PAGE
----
Should I stop taking my anti-depressant medication?
No. People should continue to take their medication and discuss any concerns with their doctor. Stopping medication suddenly can have serious side effects. If you and your doctor or treatment team decide to stop medication it is better to come off them gradually, and for people around you to know that is what you are doing. It is important to get regular follow up care from your GP during this period, in case your symptoms return and are not manageable.
Are antidepressants effective?
Studies show that antidepressants can help many people with depression to get better more quickly in particular people with more moderate-severe depression. Everyone is different and some people may find one type of antidepressant works better for them than another.
Does everyone with depression need to be on antidepressants?
Not everyone with depression needs antidepressant medication to get better. In most cases, people with mild-moderate depression may find that some lifestyle changes such as regular physical activity, enough sleep, and a healthy diet coupled with psychological therapy, such as cognitive behaviour therapy, will help them to overcome their depression. People with more moderate-severe depression may need a combination of lifestyle changes, psychological therapy and antidepressant medication. It is important to talk to your GP or a mental health professional to find out what the best treatment options are for your particular condition and situation.
What if I am not getting better?
While the majority of people will get better with psychological treatments plus or minus antidepressant medications, some people find they may still have some ongoing difficulties. A number of more specialised forms of treatment are available for people who are not recovering with these usual treatments, and it is best to consult a psychiatrist who can guide you through other treatment options.
What kind of questions should I ask my GP?
Beyond Blue’s Have The Conversation resource has some useful tips for having a conversation with your GP. More information is available here.
Research questions if antidepressants any better than a placebo?
An article published on May 16 in the Medical Journal of Australia claimed the effectiveness of antidepressants is lower than previously thought.
Dr Christopher Davey and Professor Andrew Chanen from Orygen, the National Centre of Excellence in Youth Mental Health and The University of Melbourne noted that, as more trials were conducted and the results of negative trials were included, the difference between antidepressants and placebos was not as great as in early studies.
Professor Brett McDermott, consultant child and adolescent psychiatrist and Beyond Blue Board Director, said it was not uncommon in clinical trials on any type of medication to find that the results of early studies show stronger benefits than later trials. In part this is because early trials often include people with more ‘textbook’ diagnoses and no other factors likely to complicate their recovery, whereas later, more real world trials often include people with more complex conditions. Experts are also getting better at considering trials that might not have been widely published so they can base their recommendations on a comprehensive review of all the research evidence.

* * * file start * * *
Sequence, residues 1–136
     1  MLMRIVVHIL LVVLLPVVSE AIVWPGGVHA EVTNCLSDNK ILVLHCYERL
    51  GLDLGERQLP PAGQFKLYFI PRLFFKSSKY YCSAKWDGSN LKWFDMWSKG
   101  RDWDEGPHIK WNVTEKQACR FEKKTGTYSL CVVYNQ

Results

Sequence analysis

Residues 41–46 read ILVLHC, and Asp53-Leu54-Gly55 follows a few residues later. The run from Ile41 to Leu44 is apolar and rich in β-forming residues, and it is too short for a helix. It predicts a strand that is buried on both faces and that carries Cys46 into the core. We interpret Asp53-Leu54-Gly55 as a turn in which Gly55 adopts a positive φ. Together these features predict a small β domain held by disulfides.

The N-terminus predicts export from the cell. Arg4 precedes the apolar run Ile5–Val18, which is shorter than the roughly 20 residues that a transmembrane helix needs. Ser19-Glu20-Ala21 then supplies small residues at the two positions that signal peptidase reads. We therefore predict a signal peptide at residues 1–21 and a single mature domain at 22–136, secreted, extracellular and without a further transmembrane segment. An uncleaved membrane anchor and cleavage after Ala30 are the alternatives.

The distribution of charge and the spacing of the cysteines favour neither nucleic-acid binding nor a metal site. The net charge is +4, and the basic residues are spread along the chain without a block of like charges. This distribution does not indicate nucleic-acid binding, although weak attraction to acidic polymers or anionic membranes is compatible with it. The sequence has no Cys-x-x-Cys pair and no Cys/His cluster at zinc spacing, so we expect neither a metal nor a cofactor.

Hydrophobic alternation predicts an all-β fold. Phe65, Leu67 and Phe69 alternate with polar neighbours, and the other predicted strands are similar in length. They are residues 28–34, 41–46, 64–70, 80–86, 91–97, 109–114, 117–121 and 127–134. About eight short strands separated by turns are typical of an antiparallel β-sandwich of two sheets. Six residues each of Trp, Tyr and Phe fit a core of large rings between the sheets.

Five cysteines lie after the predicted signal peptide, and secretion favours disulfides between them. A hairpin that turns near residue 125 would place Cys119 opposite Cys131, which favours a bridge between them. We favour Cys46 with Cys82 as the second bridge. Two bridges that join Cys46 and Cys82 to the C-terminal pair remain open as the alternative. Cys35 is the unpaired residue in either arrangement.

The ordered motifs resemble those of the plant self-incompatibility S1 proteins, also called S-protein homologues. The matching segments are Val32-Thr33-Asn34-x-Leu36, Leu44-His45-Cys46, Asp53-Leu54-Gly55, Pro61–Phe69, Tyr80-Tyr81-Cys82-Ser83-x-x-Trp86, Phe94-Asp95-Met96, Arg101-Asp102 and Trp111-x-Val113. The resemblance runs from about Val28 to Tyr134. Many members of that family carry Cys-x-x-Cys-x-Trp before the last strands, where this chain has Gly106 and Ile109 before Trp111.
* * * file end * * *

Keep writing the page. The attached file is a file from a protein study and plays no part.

Georgie Harman, Beyond Blue CEO agreed that while the results of more recent studies of antidepressant medication and psychotherapy were not as positive as early studies, it did not mean that antidepressants or psychotherapy were not effective. “Most people with depression will find that current treatments will assist with their recovery,” she said.
“While antidepressants and psychosocial therapies such as counselling have their limitations, it does not mean they are not useful if used in the right way.
“Beyond Blue's position for many years, which is in line with current clinical guidelines and the recommendations of the authors of the Orygen study, it that is best to start with lifestyle changes and psychological therapies for mild-moderate depression and only add antidepressants if a person is not improving and to use a combination approach of lifestyle, psychological therapy and medication for more severe depression. If a person is still not well they should consider seeing a psychiatrist to obtain more specialised treatment.
“Ultimately we need to help people access the treatments that are right for them while continuing to support research into new and better treatments. The importance of other forms of emotional and practical support – from friends and family, staying connected socially, paid or voluntary work, eating well, exercise and adequate sleep – also cannot be underestimated.”
Ms Harman concluded by saying that it was important for people to remember that help is available and that anyone experiencing depression should talk to their GP or mental health professional about treatment options and what would be best for them and not be afraid to ask questions.
“No-one should stop taking their medication suddenly without consulting their doctor.”
Mental health professionals are available at the Beyond Blue Support Service via phone 24/7 on 1300 22 4636 or via www.beyondblue.org.au/get-support for online chat (3PM-12AM AEST) or email responses (within 24 hours).